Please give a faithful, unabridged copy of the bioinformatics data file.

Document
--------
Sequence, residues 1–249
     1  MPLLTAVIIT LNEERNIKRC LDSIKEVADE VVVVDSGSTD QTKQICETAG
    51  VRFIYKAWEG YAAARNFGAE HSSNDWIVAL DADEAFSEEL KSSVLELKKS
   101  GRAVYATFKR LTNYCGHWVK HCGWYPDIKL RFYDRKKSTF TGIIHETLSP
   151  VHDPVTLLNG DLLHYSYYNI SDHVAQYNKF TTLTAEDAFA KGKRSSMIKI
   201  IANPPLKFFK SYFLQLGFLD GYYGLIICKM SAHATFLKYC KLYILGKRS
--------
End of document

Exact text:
Sequence, residues 1–249
     1  MPLLTAVIIT LNEERNIKRC LDSIKEVADE VVVVDSGSTD QTKQICETAG
    51  VRFIYKAWEG YAAARNFGAE HSSNDWIVAL DADEAFSEEL KSSVLELKKS
   101  GRAVYATFKR LTNYCGHWVK HCGWYPDIKL RFYDRKKSTF TGIIHETLSP
   151  VHDPVTLLNG DLLHYSYYNI SDHVAQYNKF TTLTAEDAFA KGKRSSMIKI
   201  IANPPLKFFK SYFLQLGFLD GYYGLIICKM SAHATFLKYC KLYILGKRS